What’s new about workplace learning? Karen Evans Institute of Education University of London
‘the effects of globalisation are so radical thatthose who resist a life of continuing learning risk finding themselves socially marginalised, if not excluded…... Organisations which employ reluctant learners and fail to get them into further learning will share their fate.’ Consultants’ report to the Talent Foundation Dystopia…
What purposes drive wpl ? • Socialisation and enculturation (how we do it here) • Competence, performance and standards (productivity, safety, licence to practice) • Innovation (renewal and competitive advantage) • Equity and social justice (unionisation and employee entitlement)
Innovation – the new (utopian) discourse in work and learning • To create new knowledge means quite literally to recreate the company and everyone in it in a non-stop process of personal and organisational self renewal. In the knowledge creating company, inventing new knowledge is not a specialised activity – …it is a way of behaving, indeed a way of being , in which everyone is a knowledge worker, that is to say an entrepreneur. (Nonaka, 1991, p 97)
Realities:the employment relationship • Intensification of work • differential access to informal learning opportunities and career progression • ‘learning poor’ v ‘learning rich’ environments • power relations between managers and workers • employee ‘voice’-heard or unheard • Social inclusion/exclusion – hidden mechanisms of inclusion/exclusion operate in the knowledge and prior learning are recognised and used in workplaces.
Innovation and workplace learning – a research agenda* • Types of innovation- • research driven • user driven • price driven • What about employee driven innovation? – relatively overlooked in real -life organisational contexts *DPU collaborative project
What we have learnt about the realities of workplace learning from ESRC-TLRP research. • A framework for exploring innovation as workplace learning in context.
Regulatory framework Expansive learning environments Workers’ dispositions The learning workplace Understanding the learning workplace is central to analysing employee-driven innovation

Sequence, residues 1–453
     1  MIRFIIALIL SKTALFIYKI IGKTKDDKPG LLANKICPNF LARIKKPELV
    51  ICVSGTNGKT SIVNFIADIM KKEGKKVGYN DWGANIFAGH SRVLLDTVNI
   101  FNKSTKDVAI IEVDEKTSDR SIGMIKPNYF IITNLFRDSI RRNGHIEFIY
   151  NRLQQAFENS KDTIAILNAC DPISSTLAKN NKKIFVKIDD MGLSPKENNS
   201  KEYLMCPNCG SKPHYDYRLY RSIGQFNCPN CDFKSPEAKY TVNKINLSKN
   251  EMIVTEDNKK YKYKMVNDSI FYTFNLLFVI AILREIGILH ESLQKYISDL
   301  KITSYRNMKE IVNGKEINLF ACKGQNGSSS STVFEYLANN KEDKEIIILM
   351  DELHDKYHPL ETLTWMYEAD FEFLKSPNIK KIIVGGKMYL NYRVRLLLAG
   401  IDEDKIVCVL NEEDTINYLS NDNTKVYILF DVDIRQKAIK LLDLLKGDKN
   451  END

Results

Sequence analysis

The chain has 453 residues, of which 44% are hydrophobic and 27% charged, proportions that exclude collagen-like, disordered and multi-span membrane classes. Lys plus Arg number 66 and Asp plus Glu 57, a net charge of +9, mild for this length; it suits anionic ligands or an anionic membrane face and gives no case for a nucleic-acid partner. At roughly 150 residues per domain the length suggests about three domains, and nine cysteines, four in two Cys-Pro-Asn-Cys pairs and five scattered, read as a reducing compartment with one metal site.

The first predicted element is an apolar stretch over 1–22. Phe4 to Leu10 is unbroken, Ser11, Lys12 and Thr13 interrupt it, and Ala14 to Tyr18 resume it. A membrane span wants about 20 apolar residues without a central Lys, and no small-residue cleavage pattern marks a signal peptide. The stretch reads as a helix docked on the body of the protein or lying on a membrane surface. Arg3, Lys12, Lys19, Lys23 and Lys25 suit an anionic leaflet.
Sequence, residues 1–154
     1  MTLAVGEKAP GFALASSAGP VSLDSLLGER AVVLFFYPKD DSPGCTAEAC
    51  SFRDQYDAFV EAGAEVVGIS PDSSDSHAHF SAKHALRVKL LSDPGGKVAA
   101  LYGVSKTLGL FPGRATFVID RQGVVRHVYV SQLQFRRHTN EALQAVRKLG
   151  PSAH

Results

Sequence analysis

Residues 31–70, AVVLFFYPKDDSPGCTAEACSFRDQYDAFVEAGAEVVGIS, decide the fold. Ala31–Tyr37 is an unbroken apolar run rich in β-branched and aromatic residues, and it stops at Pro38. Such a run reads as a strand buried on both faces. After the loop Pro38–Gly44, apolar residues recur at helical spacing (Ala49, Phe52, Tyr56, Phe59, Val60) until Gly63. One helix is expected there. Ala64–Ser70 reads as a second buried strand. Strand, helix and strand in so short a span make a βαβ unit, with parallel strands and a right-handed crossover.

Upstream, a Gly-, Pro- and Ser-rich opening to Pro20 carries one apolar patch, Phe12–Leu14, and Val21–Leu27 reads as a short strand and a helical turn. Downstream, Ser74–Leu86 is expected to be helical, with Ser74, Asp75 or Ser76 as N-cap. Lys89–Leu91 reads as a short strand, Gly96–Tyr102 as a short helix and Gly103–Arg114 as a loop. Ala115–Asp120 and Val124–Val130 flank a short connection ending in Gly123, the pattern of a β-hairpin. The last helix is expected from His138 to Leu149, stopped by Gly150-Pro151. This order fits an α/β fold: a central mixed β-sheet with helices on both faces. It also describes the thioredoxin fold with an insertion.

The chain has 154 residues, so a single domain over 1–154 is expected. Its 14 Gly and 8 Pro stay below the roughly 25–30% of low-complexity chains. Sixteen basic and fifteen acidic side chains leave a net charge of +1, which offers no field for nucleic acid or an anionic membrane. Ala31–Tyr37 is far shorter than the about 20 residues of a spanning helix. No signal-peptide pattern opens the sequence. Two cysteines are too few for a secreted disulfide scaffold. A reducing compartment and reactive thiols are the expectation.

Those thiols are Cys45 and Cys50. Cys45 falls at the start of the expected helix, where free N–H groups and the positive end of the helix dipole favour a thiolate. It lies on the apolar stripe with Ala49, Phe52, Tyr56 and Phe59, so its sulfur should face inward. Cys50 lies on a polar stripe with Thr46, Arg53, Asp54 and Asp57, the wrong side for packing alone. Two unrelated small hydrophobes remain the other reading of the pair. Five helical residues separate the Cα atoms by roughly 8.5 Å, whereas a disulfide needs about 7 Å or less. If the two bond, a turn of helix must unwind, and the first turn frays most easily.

Towards an integrated, cultural approach to improving workplace learning….. • Three overlapping ‘scales’ of activity to be kept in view…individual actors, immediate working environment, wider structural features.
Three dimensions of workplace learning consistently identified as significant: • Workplaces can be characterized as more expansive or restrictive as learning environments. Richer learning generally found where environments are more expansive • Regulation of the employment relationship and Government initiatives have significant impact on opportunities for, and nature of, workplace learning • Dispositions and tacit skills of workers/employees influence the nature of the working environment and the ways in which workers react to and interact with that environment
Improving workplace learning entails: • Constructing more expansive learning environments based on what workers want, need respond positively to in a particular setting (takes dispositions into account) • This may involve changes to working practices /conditions • Planning and activity should be responsive to micro-conditions of specific working groups • Paying attention to power differentials and workplace inequalities as well as individual wants and needs
Working hypothesis • Potential for employee-driven innovation – generating something changed and better – created under these conditions • Newness is created in the learning process • Informed (not driven) by research and intervention
Work-located: first point of departure: the everyday work activity and the work programme Deepened and expanded by intellectual resources from sources outside the workplace Work-related: first point of departure: the bodies of codified knowledge Applied and explored with reference to work problems and work settings Radical challenges for educators…supporting work-located learning
Key questions for the future… • centre on the conditions that characterize workplaces • the interplay between the regulatory frameworks, environments and worker dispositions that support learning • how these can optimally lead to and support employee driven innovation.
ESRC Teaching and Learning Research Programme • Book: Evans, K., Hodkinson, P., Rainbird, H., Unwin L., (2006) Improving Workplace Learning, Routledge London • Publications and research summaries can be found on website • http://www.tlrp.org/proj/workplace.html